Only seven men have ever piloted light aircraft over the barren wastes and through the treacherous fogs of the North American arctic. The youngest to do so is Michel St. Arnaud, a 22-year-old French Canadian. Mike was 6 when a bush-flying friend of his father, then a newspaper editor in Trois Riviéres, Quebec, took him up in the jump seat of a Stinson. "From that day on flying was the only thing in my life," Mike recalls. Precisely at 9 a.m. on March 16, 1954, Mike's 16th birthday, he reported for flying lessons. And precisely a year later, the day he became 17, which in Canada is the absolute minimum age for a private pilot, Mike got his license.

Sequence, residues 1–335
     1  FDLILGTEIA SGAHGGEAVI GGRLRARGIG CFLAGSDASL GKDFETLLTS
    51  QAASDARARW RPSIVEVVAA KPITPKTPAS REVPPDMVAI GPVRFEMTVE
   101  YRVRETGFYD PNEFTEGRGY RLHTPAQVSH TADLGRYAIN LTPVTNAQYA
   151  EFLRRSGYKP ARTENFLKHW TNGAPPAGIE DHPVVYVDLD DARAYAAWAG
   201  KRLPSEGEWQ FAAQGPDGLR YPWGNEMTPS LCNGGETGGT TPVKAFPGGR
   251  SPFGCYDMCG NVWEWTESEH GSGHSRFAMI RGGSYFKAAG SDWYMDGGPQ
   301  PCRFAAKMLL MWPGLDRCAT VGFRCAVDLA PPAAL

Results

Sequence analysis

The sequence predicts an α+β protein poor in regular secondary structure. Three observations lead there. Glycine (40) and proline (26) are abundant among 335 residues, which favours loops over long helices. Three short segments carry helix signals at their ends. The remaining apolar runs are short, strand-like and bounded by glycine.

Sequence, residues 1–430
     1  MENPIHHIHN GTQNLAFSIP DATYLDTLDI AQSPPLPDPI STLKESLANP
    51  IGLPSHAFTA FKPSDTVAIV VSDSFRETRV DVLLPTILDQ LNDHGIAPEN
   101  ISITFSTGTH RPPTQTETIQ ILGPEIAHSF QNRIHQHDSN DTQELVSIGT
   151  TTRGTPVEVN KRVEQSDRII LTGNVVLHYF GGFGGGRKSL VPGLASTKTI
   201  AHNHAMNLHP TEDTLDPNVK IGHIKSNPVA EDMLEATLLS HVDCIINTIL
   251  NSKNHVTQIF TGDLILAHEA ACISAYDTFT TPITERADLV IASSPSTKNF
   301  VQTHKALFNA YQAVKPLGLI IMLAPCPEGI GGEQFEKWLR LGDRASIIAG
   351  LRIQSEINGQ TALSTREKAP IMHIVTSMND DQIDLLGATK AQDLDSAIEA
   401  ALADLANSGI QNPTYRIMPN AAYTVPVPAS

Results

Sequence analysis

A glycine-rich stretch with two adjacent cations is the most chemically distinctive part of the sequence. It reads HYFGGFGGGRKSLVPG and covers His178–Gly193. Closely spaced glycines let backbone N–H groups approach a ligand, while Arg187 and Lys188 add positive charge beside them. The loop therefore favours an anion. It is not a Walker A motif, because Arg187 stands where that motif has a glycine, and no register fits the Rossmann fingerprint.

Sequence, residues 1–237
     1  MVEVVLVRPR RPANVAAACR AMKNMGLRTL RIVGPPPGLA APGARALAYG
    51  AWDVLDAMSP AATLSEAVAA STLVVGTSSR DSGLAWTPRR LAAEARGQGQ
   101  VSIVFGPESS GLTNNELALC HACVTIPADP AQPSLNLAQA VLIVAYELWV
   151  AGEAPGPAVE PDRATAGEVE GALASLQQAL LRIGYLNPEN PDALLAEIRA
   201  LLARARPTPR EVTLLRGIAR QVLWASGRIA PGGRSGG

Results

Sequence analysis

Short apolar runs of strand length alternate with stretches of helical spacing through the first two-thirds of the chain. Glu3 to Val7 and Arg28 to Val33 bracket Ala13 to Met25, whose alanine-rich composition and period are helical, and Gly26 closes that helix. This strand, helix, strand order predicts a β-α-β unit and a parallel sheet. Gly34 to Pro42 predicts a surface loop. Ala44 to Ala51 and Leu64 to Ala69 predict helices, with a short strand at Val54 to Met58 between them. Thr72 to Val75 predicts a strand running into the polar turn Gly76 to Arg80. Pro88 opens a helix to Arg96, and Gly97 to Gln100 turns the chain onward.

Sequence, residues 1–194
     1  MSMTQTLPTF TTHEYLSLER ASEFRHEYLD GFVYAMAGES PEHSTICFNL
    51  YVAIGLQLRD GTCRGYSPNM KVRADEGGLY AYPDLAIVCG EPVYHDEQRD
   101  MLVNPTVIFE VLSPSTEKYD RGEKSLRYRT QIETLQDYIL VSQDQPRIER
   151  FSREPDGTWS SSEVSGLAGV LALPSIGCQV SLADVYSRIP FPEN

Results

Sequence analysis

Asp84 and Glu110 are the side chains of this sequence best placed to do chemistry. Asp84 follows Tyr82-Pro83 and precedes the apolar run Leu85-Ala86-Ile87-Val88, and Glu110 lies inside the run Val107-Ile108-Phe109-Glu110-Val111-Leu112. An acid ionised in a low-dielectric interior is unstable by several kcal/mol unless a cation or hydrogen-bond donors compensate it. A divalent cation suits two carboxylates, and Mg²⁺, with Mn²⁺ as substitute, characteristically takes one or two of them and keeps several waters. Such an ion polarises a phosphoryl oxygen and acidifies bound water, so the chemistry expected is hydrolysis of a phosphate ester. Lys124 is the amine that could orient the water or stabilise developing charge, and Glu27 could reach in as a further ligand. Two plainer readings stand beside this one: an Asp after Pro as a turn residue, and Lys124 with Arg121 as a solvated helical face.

Mike's arctic assignment came last summer when he flew a Piper Super Cub 2,000 miles to join a geological expedition at Fort Good Hope inside the Arctic Circle. For the next two months Mike dodged arctic storms, flew over the bleak Beaufort Sea, only 300 miles from the North Pole (no one has ever taken a light plane over the pole itself). When ground-level fog rolled in, Mike flew below land level in dry river beds. Says Mike: "I can't wait to get back there."